It will likely be a few years before Afghanistan is secure enough for the U.S. Marines to leave, Commandant Gen. James Conway said Tuesday, adding his voice to a growing chorus of military leaders warning of a long fight ahead.
Afghan war commander Gen. David H. Petraeus and other senior officers have recently said that considerable time will be needed before Afghan troops can take over the fight.
But Gen. Conway’s blunt assessment was the first of its kind to come from a service chief since President Obama announced that U.S. troops will begin leaving Afghanistan in July 2011. Last fall, Mr. Obama said that security conditions will determine how many forces can leave and how fast.
“In some ways, we think right now it’s probably giving our enemy sustenance,” Gen. Conway said of the 2011 deadline. “We think that he may be saying to himself … ‘Hey, you know, we only have to hold out for so long.’”
But, Gen. Conway quickly added, the perception that the U.S. is pulling out completely is likely to work in America’s favor after the deadline passes, when Marines are still fighting insurgents. Taliban morale is likely to drop when “come the fall we’re still there hammering them like we have been,” he said.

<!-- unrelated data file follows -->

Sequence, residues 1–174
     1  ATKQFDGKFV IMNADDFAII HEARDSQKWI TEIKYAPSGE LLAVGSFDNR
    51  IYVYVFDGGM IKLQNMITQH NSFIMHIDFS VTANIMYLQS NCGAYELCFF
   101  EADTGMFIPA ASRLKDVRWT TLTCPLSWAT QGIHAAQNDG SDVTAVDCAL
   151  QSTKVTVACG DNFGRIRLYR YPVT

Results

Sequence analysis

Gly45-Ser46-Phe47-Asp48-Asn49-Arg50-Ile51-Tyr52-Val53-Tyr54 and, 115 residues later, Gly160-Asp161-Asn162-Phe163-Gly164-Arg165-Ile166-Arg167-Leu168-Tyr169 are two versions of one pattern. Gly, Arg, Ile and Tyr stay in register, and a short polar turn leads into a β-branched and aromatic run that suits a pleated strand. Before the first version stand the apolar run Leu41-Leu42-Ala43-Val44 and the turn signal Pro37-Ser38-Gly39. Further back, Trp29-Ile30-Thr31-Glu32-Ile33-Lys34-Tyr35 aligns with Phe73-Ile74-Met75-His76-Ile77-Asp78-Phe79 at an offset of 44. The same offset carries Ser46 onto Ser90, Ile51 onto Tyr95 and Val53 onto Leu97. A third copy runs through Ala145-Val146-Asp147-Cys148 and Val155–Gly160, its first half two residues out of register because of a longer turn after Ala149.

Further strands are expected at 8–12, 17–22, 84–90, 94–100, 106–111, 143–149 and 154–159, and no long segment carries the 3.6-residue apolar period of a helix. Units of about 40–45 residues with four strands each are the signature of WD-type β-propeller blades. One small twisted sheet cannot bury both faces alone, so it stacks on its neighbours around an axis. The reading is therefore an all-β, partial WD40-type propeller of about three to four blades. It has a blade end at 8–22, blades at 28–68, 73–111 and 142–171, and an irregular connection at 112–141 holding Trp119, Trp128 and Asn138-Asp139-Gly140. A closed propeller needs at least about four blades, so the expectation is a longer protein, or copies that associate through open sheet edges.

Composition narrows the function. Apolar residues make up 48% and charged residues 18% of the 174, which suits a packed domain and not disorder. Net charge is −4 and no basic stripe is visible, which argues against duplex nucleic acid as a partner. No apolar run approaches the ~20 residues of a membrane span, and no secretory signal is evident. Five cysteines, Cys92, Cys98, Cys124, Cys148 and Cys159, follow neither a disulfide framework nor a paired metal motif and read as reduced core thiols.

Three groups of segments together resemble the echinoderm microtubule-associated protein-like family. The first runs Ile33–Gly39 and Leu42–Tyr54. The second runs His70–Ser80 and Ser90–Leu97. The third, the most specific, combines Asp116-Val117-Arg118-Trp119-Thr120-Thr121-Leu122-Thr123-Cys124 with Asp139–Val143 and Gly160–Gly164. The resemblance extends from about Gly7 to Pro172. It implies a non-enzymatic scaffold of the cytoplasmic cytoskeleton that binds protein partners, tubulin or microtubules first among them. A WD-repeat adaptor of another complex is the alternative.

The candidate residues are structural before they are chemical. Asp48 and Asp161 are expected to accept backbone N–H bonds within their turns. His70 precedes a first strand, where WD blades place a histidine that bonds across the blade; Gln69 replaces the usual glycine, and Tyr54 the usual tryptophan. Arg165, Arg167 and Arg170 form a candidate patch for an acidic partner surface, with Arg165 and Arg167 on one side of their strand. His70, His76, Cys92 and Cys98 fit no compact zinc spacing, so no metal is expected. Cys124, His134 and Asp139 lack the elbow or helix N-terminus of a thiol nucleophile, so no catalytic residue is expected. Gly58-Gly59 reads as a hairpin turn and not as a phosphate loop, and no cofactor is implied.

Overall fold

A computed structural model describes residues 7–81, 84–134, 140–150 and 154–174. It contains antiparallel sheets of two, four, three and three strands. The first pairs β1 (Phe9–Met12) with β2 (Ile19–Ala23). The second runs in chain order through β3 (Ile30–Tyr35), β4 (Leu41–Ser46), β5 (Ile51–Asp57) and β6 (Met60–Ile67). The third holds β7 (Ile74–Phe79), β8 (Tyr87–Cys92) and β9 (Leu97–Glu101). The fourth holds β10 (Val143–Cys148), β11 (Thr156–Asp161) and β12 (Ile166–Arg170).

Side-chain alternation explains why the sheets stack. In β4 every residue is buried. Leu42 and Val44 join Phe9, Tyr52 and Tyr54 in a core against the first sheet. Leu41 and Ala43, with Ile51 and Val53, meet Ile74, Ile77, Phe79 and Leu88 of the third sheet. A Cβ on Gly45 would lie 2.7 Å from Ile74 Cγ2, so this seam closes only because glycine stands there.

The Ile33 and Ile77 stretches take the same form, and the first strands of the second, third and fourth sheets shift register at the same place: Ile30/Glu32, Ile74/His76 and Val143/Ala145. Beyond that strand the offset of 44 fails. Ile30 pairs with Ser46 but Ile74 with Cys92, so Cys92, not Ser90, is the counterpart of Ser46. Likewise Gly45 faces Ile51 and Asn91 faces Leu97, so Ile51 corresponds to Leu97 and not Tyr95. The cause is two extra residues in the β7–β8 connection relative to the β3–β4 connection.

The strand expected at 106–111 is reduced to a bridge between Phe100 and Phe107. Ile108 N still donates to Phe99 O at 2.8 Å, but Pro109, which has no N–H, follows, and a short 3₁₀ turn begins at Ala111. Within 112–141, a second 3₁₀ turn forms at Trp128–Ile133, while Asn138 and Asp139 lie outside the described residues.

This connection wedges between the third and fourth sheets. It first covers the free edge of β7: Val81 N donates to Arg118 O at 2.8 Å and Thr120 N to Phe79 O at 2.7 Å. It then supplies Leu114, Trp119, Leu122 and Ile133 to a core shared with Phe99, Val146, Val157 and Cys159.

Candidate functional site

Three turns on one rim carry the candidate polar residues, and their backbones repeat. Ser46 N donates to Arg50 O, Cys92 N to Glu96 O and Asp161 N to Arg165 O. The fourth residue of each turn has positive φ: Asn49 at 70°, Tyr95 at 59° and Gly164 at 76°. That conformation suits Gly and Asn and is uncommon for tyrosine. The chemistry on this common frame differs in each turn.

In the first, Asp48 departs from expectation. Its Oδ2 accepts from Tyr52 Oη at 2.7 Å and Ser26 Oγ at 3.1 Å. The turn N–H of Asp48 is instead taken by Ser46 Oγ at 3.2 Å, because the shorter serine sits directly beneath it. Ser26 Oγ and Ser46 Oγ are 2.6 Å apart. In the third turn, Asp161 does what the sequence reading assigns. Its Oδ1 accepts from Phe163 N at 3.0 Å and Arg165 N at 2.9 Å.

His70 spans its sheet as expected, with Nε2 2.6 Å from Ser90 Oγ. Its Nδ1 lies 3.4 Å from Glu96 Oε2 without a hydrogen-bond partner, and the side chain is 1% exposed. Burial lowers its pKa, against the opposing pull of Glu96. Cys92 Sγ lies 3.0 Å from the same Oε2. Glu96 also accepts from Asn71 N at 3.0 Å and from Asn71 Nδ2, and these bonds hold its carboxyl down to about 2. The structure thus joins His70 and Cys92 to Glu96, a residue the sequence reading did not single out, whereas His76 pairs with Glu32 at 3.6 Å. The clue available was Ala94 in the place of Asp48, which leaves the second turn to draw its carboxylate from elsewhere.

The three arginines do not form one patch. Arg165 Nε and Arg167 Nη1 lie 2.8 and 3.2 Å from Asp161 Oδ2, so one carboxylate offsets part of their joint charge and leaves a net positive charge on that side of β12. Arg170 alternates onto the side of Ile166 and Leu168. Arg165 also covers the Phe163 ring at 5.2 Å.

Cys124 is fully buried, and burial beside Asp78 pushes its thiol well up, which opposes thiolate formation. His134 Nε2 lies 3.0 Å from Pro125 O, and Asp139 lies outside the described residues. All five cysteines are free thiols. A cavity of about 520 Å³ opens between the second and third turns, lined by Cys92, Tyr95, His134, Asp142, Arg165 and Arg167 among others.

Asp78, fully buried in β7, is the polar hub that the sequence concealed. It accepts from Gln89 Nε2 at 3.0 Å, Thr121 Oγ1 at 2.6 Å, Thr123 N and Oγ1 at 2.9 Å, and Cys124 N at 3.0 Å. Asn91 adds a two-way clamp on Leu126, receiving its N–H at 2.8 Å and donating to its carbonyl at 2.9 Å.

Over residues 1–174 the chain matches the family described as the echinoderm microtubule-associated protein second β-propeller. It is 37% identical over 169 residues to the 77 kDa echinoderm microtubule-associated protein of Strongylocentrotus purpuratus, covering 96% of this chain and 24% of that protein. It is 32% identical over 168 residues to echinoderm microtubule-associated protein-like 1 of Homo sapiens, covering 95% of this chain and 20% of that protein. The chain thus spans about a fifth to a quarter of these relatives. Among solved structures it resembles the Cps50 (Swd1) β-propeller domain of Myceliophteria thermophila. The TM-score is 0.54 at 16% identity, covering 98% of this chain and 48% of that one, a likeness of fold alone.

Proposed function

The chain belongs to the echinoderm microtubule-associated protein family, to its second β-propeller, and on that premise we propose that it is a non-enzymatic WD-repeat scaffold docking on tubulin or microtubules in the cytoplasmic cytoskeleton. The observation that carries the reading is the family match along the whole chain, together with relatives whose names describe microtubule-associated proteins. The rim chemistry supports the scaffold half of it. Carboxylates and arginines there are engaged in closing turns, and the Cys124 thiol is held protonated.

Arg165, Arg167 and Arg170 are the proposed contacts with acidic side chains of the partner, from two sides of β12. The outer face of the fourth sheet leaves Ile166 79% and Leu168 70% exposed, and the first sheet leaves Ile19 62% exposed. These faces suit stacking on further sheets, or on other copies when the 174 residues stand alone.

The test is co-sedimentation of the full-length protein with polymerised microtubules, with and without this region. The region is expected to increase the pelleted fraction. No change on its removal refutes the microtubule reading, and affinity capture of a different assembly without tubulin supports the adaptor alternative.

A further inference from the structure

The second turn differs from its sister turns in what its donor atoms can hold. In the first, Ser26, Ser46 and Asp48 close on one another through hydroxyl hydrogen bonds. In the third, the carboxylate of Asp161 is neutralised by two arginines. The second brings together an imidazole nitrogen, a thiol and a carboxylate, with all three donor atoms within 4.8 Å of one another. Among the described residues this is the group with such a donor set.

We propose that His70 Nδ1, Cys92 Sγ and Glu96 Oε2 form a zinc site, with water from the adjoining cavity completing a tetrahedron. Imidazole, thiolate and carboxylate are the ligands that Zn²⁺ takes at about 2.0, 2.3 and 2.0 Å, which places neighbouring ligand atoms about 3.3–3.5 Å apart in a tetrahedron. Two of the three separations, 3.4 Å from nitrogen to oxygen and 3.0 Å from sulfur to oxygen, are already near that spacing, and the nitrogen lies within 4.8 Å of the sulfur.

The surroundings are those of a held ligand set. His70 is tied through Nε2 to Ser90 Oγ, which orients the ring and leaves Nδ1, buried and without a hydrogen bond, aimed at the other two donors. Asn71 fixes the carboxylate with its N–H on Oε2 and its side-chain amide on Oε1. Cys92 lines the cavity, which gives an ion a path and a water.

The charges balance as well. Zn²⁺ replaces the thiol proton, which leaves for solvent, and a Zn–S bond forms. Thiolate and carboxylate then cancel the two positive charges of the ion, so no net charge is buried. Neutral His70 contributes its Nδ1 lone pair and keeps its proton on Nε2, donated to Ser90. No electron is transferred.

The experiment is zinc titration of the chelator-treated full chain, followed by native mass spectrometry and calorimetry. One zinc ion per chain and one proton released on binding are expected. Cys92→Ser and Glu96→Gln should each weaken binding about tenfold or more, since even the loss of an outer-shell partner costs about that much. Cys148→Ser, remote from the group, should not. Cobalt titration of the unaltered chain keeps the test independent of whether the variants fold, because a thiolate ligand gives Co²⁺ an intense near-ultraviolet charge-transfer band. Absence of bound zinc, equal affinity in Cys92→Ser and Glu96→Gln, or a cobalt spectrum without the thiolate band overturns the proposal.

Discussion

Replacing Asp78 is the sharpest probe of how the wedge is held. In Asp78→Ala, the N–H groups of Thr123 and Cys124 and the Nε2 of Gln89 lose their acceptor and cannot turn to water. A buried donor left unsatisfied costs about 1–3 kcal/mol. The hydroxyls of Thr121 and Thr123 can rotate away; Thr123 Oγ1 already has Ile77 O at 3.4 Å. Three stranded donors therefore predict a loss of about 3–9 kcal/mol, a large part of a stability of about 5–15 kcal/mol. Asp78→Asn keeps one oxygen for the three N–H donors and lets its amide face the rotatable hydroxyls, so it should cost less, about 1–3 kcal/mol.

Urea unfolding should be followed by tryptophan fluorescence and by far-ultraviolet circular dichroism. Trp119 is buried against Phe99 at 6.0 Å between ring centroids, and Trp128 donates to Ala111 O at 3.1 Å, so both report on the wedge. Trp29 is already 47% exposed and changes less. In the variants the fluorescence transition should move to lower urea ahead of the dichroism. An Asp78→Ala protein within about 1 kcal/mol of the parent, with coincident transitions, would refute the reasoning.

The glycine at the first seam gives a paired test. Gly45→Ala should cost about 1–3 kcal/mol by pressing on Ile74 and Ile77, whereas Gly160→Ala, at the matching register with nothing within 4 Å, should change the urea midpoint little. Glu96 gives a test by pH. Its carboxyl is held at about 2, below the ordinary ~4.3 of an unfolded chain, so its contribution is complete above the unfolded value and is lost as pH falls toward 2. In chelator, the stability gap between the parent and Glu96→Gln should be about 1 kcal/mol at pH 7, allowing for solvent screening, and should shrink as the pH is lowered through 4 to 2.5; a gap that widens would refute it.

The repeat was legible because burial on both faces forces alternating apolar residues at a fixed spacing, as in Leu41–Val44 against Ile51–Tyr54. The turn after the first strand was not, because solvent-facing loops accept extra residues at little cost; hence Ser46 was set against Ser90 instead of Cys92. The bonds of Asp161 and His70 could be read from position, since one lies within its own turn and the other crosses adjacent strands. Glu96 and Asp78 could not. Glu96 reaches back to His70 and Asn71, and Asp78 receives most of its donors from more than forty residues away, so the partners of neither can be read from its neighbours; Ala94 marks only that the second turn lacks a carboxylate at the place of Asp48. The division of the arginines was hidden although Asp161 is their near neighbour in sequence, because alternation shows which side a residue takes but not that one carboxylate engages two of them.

“I think it could be very good for us in that context, in terms of the enemy psyche,” he said.
Gen. Conway, known for his candor, is planning to retire this fall after 40 years in the Marines.
“Though I certainly believe some American unit somewhere in Afghanistan will turn over responsibilities to Afghan security forces in 2011, I do not think they will be Marines,” he told reporters in his opening remarks at a Pentagon news conference.
Noting that Helmand and Kandahar are considered the “birthplace” of the Taliban, Gen. Conway said, “I honestly think it will be a few years before conditions on the ground are such that turnover will be possible for us.”
Gen. Conway said he wants to prepare Marines for the likelihood that the war will continue past the 2011 deadline. He recently returned from a trip to Afghanistan, where he said morale was high because Marines “can sense conditions are turning [in] their direction.”
But “when that will come remains to be seen,” he said.
By James A. Lyons
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